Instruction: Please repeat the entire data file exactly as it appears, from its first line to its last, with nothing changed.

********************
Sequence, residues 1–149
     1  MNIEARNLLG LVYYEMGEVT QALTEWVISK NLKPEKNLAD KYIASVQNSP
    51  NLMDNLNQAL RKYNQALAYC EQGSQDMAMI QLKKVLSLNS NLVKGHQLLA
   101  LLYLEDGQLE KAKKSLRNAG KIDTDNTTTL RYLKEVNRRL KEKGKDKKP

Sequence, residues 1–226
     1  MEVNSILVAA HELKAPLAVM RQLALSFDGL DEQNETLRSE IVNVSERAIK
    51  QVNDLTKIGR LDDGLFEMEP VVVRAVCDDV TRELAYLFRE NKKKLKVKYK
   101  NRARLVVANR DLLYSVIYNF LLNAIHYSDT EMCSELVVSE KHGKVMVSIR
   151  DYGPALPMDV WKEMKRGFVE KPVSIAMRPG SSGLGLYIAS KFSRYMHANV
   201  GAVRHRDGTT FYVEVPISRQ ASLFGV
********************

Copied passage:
Sequence, residues 1–149
     1  MNIEARNLLG LVYYEMGEVT QALTEWVISK NLKPEKNLAD KYIASVQNSP
    51  NLMDNLNQAL RKYNQALAYC EQGSQDMAMI QLKKVLSLNS NLVKGHQLLA
   101  LLYLEDGQLE KAKKSLRNAG KIDTDNTTTL RYLKEVNRRL KEKGKDKKP

Sequence, residues 1–226
     1  MEVNSILVAA HELKAPLAVM RQLALSFDGL DEQNETLRSE IVNVSERAIK
    51  QVNDLTKIGR LDDGLFEMEP VVVRAVCDDV TRELAYLFRE NKKKLKVKYK
   101  NRARLVVANR DLLYSVIYNF LLNAIHYSDT EMCSELVVSE KHGKVMVSIR
   151  DYGPALPMDV WKEMKRGFVE KPVSIAMRPG SSGLGLYIAS KFSRYMHANV
   201  GAVRHRDGTT FYVEVPISRQ ASLFGV